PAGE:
How many of you felt (or feel, if you’re still in) the sting of the holiday open house failure in Mary Kay? Your upline insisted that you order a ton of Christmas products. After all, they’re going to sell out fast! (They sold out, but only because everyone has a ton sitting at their houses, not because they actually sold the stuff to customers.)

You also bought all the supplies. The cute bags, tissue paper, cellophane, bows, crinkle paper, boxes…. packaged up all sorts of sets.

And then no one showed up. You have $500 or $1,000 or $2,000 into all of these products, and you sold a couple of pathetic little sets. Just like this lady:

But she is not getting discouraged!

Honey, that is exactly what Mary Kay is counting on. You’re going to keep trying. Because YOU must be the problem here. It can’t be the system. (Although if you looked a little, you’d see that 99% of people lose money in MLM.)

It is the system. You are almost guaranteed to fail in MLM. Get discouraged. Please get discouraged. Stop throwing money down the toilet. Discount this stuff to wholesale. Get your money back. And leave MK as just a bad memory.

And how sad are these comments?


  1. Ah, the clearly visible cross in the second picture… and the prayers to bless this debacle… I mean EVENT.

    Try listening to what god is actually telling you instead of what your upline says he’s telling you. Hint: his advice sounds a whole lot like Tracy’s. Get off the hamster wheel, unload the unwanted face flack and reclaim your living room, and take back your Christmas. It’s his son’s birthday, after all.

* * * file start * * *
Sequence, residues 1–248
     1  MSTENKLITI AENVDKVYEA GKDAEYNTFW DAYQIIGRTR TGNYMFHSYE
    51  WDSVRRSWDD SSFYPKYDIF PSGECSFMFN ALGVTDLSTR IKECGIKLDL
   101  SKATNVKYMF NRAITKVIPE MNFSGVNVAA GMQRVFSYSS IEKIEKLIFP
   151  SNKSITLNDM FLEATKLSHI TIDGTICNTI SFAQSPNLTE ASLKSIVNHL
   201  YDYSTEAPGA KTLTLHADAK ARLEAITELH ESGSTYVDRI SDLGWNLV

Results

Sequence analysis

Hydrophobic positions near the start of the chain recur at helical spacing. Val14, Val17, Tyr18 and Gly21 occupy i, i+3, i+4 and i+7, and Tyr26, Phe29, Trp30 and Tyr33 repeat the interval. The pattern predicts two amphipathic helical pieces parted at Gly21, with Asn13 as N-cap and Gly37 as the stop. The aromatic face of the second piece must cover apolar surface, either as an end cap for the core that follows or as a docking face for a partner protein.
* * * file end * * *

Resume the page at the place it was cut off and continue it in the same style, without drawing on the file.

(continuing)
2. Oh, Patricia Anderson? IT’S NOT A FREE CAR and “next year will be better” is zero help because A) no, it won’t and B) she’s out of pocket and overloaded with unsellable junk NOW.

  3. If I get invited to someone’s house during the Christmas season, it traditionally involves sharing of holiday treats and holiday cheer (of the adult beverage variety).

    ‘Tis not the season for exploiting your relationships for personal gain. Giving, not receiving, is the name of the game for adults this time of year.

  4. But these products fly off the shelves!

    Director, before I sign up can I come with you to one of YOUR open houses to see how busy it is and how much you sell?

    • This was my thought. All these people chiming in with their recommendations. Do as I say, not as I do.

      You know these others stopped doing the holiday open house ages because of how they turn out. But you should throw all that stuff in the trunk of your car and waste gas driving around because YOU aren’t allowed to see it as a waste of time and money. .

  5. So, what’s the definition of insanity?

    The executive level income for part time work, while she stays at home with the kids, is right around the next corner/order!

    I particularly like how the fellow cult folks cast their various spells/posts.

  6. Puts right hand on consultant’s forehead and says, “Praying for a shower of blessings on your event.” Throws her left hand up to the sky and pushes the consultant back off her balance and yells, “JEEEE-sus does not want you to be discouraged. You must keep the faith and stay positive…[because I don’t have evidence to back up my claims.] Do not doubt our leader, and do worship thee.” (All subjective goobledygook.)

    You know what’s not subjective? Tithing. That’s very real. You give the organization/person real money….just like you do in Mary Kay.

    Cult is as cult does.

  7. Will they ever learn? – Rhetorical question. This is such an outdated mode of selling. No way I’m going to someone’s open house and feel obligated to buy something. All that work for no results. Only MK Corp makes sales selling all that stuff to the “sales force.” It’ll be interesting to hear how the company is doing with sales and recruiting at year end.